IT Girls And Soul Sisters


Contrary to popular belief, sex wasn't invented in the 1960s; it goes back at least as far as the 1920s. For proof, check out the IT Girls, Flappers, Jazz Babies, & Vamps festival at Film Forum. Until the Motion Picture Production Code put the kibosh on all the fun in 1934, Hollywood regularly made movies about strong, seductive, and sexually active women. The festival runs from March 11th through the 24th. Highlights include:

  • IT (1927). No, not a horror film. "IT" means "sex appeal," and Clara Bow's got plenty of it! Silent film, with live piano accompaniment.

  • The Blue Angel (1929). Marlene Dietrich loves them and leads them to destruction as the original femme fatale. The first of several collaborations with director Josef von Sternberg
  • Pandora's Box (1929). The same year as The Blue Angel, Louise Brooks also took a turn playing the femme fatale. Silent film, with live piano accompaniment.
  • Blonde Venus (1932). Another Dietrich-Sternberg joint. This time Dietrich plays a nightclub singer trying to settle down. Check out her iconic "Hot Voodoo" number, later referenced by Grace Jones.
  • Baby Face (1933). After being pimped out by her own father, Barbara Stanwyck ruthlessly sleeps her way to the top. But can money buy happiness? Said to be a big influence on Madonna.
  • Gold Diggers of 1933 (1933). The ultimate Busby Berkeley musical, with lots of backstage sexual shenanigans.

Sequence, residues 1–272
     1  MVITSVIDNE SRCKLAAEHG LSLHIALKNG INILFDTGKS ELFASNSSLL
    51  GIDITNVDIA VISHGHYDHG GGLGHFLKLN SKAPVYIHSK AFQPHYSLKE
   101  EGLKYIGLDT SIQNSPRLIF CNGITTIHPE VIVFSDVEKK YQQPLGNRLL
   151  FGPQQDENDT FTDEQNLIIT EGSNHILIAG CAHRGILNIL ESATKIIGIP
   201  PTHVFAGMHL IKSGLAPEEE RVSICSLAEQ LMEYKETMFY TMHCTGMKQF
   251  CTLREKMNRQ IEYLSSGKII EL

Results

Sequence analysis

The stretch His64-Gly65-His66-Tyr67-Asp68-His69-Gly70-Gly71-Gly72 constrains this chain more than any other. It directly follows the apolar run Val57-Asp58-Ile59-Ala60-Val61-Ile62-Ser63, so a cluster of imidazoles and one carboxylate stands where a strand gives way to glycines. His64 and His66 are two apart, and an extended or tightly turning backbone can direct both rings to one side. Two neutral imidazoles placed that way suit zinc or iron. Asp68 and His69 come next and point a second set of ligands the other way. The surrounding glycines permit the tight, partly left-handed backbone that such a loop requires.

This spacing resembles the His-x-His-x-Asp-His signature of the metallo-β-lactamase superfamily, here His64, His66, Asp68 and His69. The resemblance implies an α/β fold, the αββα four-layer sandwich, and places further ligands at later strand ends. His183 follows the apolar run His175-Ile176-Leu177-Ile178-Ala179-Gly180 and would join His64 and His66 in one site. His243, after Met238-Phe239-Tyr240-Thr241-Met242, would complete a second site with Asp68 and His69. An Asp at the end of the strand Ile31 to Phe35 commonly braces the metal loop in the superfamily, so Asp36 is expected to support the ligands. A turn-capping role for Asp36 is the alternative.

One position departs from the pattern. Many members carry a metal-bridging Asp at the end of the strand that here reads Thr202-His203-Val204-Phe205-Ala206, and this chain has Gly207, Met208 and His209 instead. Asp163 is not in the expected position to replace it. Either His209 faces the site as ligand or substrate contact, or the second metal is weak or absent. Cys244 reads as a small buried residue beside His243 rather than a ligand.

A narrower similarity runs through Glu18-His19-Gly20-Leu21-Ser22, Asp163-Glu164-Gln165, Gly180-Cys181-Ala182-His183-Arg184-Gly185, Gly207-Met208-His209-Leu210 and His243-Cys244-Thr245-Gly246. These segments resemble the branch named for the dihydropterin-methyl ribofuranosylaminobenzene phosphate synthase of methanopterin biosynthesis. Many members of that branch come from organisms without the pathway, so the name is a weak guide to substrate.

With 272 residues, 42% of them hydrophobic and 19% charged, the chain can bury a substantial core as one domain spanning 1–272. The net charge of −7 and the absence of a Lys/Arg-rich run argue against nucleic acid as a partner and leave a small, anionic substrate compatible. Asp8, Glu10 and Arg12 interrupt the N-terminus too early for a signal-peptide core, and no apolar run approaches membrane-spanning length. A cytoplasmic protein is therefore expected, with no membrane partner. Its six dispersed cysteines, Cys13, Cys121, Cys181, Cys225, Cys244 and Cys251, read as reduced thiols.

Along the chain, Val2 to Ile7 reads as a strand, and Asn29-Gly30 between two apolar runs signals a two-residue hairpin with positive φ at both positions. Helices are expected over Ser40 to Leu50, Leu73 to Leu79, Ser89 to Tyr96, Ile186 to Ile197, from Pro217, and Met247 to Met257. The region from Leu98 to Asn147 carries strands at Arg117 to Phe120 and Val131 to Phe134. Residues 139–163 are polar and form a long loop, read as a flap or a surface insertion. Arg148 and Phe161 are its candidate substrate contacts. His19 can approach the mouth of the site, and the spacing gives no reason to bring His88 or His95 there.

• Plus Joan Crawford's private home movies! (See image above.)

    Film Forum is located at 209 West Houston Street, between Sixth Avenue and Varick Street.



    Over at Anthology Film Archives, they continue their tribute to American International Pictures. From the 1950s through the 1970s, A.I.P. made every conceivable type of B-movie--fantasy, science fiction, horror, bikers, cave girls, hippies, juvenile delinquents, etc. This third part of the festival focuses on blaxploitation, and that means plenty of super soul sister Pam Grier, in all of her bodacious glory. The festival runs from March 11 through the 20th. Highlights include:

    • Black Mama, White Mama (1973). Pam Grier and Margaret Markov in a distaff version of The Defiant Ones (1957). With lots of women-in-prison lesbian licentiousness. Co-written by Jonathan Demme!

  • Coffy (1973). The movie that put Pam Grier on the map, and made her a favorite with directors Quentin Tarantino (Jackie Brown) and John Carpenter (Escape From L.A.). With a groovy soundtrack by jazz great Roy Ayers.
  • Foxy Brown (1974). In an unofficial sequel to Coffy, Pam Grier is back kicking ass, taking names, and looking fine.
  • A.I.P. wasn't afraid to mix genres, and Anthology is also screening several of their blaxploitation/horror hybrids:

    • Blacula (1972). From vamps to vampires. William Marshall stars as the Count with a thirst for blood. (Pam Grier was in the sequel, Scream, Blacula, Scream.) Marshall later appeared as the King of Cartoons on Pee-wee's Playhouse.

  • Sugar Hill (1974). Voodoo queen Marki Bey leads an army of zombies against the white mobsters that killed her boyfriend. Bey also appeared in the classic political comedy The Landlord (1970).
  • J.D.'s Revenge (1976). Nice taxi driver Glynn Turman is possessed by a restless spirit from the 1940s seeking payback for his murdered sister. Turman can currently be seen in House of Cards on Showtime.
  • Anthology Film Archives is located at 32 Second Avenue, at the corner of East 2nd Street.